Taking this as a sign that it’s time to start putting effort into getting off the iTunes ecosystem, I have started using Amazon Cloud Player. 

The Good:

First and foremost, so far the best thing about it is it always works. I have not yet encountered flakiness, strangely disappearing songs that were in the playlist yesterday, interminable day-long application stalling, songs that simply refuse to download, songs that simply stop playing halfway through and then won’t play at all, or any other general weirdness. The experience is as close to perfect as our computers allow. Upload a song, and it’s there, all the time, as long as Amazon itself is up. Since that is the primary purpose of these music-in-the-cloud services, I have to say Cloud Player is pretty great.

Device support is good. The recently released iPad app is snappy and easy to use, as is the iPhone app. I don’t have Android but I assume that it’s just as good, esp. given that they sell an Android device. As far as I know, it doesn’t support Roku or other TV devices, but here’s hoping one day it will (especially since e.g. Roku supports Amazon Video; obviously you can’t stream on AppleTV.)

Although hardly a seamless experience, you can continue to use iTunes (or whatever) to play music you buy and download from Amazon. Basically: buy digital on Amazon, and configure your browser to automatically download and import music. Said music will appear automagically on your Cloud Player. This gives you a pretty good best-of-both-worlds experience.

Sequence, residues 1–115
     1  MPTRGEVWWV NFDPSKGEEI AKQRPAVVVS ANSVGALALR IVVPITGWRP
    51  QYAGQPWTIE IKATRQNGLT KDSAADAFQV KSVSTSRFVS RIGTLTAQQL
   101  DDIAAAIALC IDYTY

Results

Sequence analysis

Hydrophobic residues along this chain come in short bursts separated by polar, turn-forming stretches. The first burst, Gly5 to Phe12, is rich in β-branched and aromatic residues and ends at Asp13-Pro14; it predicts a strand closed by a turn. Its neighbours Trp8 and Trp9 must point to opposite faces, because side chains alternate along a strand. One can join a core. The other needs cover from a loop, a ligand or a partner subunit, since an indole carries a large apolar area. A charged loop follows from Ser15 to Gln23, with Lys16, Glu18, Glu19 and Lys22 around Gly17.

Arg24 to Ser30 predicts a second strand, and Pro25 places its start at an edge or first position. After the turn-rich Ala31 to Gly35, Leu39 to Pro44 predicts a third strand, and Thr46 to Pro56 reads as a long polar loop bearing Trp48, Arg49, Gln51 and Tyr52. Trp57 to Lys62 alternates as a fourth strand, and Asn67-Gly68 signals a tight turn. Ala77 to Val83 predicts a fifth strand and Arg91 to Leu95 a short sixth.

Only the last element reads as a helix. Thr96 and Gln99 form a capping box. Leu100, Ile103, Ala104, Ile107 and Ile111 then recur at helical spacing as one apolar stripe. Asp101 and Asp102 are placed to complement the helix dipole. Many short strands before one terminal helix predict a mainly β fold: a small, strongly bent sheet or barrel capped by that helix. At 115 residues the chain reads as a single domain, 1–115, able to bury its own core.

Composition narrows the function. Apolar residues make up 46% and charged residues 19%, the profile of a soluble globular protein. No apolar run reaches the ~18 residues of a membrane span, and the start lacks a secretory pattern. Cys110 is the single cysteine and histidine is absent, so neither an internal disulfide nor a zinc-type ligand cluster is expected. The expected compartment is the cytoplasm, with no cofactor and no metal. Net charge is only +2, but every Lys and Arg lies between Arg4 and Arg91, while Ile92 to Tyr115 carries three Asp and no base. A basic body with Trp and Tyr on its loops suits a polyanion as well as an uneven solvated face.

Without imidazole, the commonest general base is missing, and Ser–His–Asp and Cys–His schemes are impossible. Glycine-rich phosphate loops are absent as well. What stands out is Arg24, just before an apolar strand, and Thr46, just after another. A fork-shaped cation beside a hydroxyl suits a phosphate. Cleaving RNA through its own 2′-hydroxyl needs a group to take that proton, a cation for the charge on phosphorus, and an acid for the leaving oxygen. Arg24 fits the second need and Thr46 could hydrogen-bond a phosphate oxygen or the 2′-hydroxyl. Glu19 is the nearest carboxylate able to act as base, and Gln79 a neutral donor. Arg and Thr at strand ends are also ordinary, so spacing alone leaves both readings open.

The cloud player is 99% pure HTML, so it performs very well. I run an instance in Fluid and it uses barely a pretty average amount of CPU.

The Less than Good:

The experience is what you might call “bare bones”. If you can’t live without smart playlists and ratings, not to mention pervasive drag-and-drop, Cloud Player probably isn’t for you. Other than the device apps there is no iTunes analog; the player is entirely web-based. The Mozilla-based Songbird player seems a natural fit in terms of technology – it even has a plugin to browse the Amazon MP3 store. I assume Amazon wants to avoid the business of software, since it produces very little in the way of desktop apps, so that’s just my blue-sky dream.

Speaking of desktop apps, the uploader uses the execrable AIR, so it’s horrible on lots of platforms. It stalls, sputters, lies, and generally makes a mess of things. If you have a truly immense library fixing things might take a while; but the most common screw-ups are easily fixed with just a few clicks, and like I said, once they’re fixed they tend to stay fixed.

The match feature made a few mistakes, but so did iTunes, so that’s a wash.

About a third of the default presentation of the player UI is devoted to ads, cross-sell for the currently playing song/album/artist. You can make it go away with a little jQuery magic if it bugs you.

The Bottom Line:

If you need to escape the iTunes ecosystem, Cloud Player is a viable option, provided you properly calibrate your expectations.